Short films can pack as big a punch as their lengthier counterparts. Their stories may be quick, small even, but they can speak to larger themes and broader cultural conversations. In fact, their intimacy and locality can oftentimes add to their impact.
That’s precisely the case in two short films by Latinx filmmakers making their way onto the web. Committed to providing a voice to the diverse Latino community on public media throughout the United States, Latino Public Broadcasting (LPB) has partnered with the PBS Indies site to showcase two wonderful shorts Drowning and Vámonos.
As LPB Executive Director Sandie Viquez Pedlow put it, “Each of these films is the work of promising new Latino filmmakers and represent our longtime commitment to nurturing new talent. We’re also pleased to be producing more content for the digital space and proud to bring these three new works to PBS’s large and diverse online community.”
Drowning was written and directed by Ryan Velazquez, who was born in the Bay Area to Guatemalan father and a Chinese mother. Growing up biracial in a diverse socio-economic community has no doubt influenced his voice as a filmmaker. It explains the deeply felt empathy that runs through Drowning. This sunny and youthful short is a heartbreaking portrait of an overweight high schooler struggling to fit in. Representing the cruelty with which teenagers often treat those they feel are different, Drowning feels like what Glee’s PSA episodes hoped to be: a frank anti-bullying narrative anchored by a touching performance.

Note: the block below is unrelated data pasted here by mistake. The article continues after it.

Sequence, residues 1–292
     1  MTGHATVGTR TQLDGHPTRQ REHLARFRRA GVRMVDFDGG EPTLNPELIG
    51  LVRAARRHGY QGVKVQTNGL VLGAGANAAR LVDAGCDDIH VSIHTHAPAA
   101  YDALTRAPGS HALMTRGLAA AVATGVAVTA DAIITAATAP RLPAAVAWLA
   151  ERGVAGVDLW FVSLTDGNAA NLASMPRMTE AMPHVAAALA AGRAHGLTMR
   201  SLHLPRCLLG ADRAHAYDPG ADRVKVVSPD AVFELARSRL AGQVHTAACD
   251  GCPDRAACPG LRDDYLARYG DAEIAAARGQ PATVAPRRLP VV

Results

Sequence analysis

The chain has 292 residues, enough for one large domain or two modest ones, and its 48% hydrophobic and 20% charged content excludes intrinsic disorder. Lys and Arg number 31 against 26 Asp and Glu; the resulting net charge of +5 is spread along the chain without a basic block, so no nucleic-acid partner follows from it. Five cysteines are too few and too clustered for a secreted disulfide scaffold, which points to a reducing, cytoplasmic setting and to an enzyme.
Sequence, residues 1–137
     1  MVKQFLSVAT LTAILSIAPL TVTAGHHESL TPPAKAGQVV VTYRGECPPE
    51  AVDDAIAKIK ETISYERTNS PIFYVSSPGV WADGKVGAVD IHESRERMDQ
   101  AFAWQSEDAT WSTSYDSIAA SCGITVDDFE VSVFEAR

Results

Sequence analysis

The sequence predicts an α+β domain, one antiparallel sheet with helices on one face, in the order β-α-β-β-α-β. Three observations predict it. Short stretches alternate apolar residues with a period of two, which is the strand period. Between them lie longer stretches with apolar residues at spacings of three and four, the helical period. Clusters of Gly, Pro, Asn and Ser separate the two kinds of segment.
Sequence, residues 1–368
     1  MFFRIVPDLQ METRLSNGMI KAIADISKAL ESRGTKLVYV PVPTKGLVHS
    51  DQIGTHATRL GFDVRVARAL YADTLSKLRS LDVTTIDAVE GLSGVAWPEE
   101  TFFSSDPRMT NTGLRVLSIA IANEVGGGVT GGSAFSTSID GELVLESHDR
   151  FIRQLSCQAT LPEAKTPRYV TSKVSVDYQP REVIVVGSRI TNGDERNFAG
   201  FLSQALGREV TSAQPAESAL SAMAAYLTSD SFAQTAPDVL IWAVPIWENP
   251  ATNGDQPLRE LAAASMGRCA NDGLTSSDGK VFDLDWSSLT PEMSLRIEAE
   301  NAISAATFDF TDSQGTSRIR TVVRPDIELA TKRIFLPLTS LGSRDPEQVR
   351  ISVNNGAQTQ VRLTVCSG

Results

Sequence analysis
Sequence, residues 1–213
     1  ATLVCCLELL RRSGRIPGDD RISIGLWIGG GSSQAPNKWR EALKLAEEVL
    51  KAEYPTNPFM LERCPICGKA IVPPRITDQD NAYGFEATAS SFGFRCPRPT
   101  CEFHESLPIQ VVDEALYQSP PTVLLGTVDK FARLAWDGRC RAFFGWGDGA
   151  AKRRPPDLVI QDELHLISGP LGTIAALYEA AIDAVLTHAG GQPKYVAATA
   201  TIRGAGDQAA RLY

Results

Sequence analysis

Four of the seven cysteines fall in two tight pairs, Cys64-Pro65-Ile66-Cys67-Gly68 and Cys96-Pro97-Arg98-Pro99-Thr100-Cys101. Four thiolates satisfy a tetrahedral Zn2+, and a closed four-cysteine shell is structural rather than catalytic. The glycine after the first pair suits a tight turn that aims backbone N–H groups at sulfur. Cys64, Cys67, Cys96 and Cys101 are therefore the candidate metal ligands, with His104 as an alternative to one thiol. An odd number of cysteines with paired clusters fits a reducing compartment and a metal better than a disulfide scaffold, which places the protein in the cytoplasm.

Vámonos, directed by Marvin Lemus, a Mexican-Guatemalan-American filmmaker, also centers on those often left outside looking in. The short, which was partly crowd-funded, centers on Hope, a young woman distraught after losing her girlfriend. But she cannot even grieve in peace when she knows her girlfriend’s mom will be burying her in a dress — an unthinkable outfit for those who knew and loved Mac for who she was. And so, she decides to take matters into her own hands. Darkly funny and very touching, Vámonos pushes back against long-standing Latino cultural attitudes toward the LGBT community, celebrating the beauty of butch lesbians.